“I’m weary of the ways of the world,” Solange Knowles stated on her stellar 2016 release, A Seat at the Table. It was a near-hour tour of the female black experience in America, championing the beauty, power, and magic of black women as she took her metaphorical “seat at the table.”
On this new release, Solange returns home to build her message back from the ground up where she started, and in revisiting her roots, recalls the memories and feelings of belonging to a place and a culture. Born in New Orleans, in the South, Solange describes the candy paint on the cars on “Way to the Show,” social gatherings and dancing on “Down with the Clique,” and features from Gucci Mane on “My Skin My Logo.”
A more poetic and flowing release, the intimacy, hypnotic lyrics, and instrumentation akin to that of a turnt-up ballerina musical jewelry box, leaves more to the imagination than the forthright messaging on A Seat at the Table. “There is a lot of jazz at the core,” she told The New York Times Style Magazine, “But with electronic and hip-hop drum and bass because I want it to bang and make your trunk rattle.”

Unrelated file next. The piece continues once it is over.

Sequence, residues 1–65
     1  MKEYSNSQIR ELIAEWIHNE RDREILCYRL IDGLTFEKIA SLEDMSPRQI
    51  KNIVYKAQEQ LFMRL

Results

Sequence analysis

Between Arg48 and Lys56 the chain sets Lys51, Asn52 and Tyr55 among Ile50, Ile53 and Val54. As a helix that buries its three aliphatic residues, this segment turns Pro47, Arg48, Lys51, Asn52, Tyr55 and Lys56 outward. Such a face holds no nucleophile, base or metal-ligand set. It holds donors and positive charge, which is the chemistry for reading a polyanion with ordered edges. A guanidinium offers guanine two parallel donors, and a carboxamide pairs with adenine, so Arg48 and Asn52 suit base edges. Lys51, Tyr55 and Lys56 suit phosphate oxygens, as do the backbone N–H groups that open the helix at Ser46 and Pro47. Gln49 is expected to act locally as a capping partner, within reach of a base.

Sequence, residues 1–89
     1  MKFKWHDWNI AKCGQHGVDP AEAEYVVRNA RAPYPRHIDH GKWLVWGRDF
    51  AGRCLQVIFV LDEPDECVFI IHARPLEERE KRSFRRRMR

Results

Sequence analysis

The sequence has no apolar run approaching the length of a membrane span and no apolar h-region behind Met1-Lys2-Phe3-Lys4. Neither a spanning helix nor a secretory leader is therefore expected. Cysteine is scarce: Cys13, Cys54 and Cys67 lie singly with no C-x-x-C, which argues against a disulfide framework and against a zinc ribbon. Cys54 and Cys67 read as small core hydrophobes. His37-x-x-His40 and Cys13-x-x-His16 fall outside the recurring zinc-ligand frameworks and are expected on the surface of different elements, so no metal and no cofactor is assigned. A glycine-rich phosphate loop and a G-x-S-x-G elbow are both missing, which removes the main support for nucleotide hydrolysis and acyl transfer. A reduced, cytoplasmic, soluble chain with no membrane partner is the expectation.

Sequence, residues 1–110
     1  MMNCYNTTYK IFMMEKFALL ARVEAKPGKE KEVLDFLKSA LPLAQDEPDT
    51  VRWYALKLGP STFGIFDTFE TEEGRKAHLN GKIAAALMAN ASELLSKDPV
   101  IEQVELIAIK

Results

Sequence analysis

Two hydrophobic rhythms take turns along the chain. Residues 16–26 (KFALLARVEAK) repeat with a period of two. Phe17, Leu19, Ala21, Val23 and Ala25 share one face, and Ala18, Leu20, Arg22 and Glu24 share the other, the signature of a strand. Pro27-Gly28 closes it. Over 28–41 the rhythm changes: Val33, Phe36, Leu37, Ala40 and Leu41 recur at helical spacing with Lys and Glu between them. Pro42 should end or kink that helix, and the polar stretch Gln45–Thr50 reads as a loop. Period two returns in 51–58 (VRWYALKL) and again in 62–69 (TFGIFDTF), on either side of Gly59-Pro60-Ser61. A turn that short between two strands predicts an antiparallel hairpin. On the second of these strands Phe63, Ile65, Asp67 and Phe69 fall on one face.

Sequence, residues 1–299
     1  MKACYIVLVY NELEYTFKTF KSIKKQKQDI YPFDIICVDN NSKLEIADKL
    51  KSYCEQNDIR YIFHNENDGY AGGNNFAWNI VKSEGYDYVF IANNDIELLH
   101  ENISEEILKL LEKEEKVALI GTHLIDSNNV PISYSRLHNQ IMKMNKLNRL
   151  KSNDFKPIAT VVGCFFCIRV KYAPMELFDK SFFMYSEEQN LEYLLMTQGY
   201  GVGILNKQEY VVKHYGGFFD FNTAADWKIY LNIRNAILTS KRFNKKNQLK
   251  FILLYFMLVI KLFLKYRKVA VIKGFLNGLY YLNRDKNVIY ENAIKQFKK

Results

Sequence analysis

Everything is still present, if not so in the forefront however, as tracks like “Almeda” and “Sound of Rain” display the aggravation with the world and its treatment of black women that Solange still harbors. Nonetheless, the record doesn’t feel like it’s fighting, it feels like it wants to go home and rest. In a world of chaos and discrimination, Solange’s home is tranquil and a refuge. If A Seat at the Table was an explainer for the world that her music was “F.U.B.U.” (a.k.a. “for us, by us”) and that constant fighting can make a person feel weary, then When I Get Home is the embodiment of that ideology.
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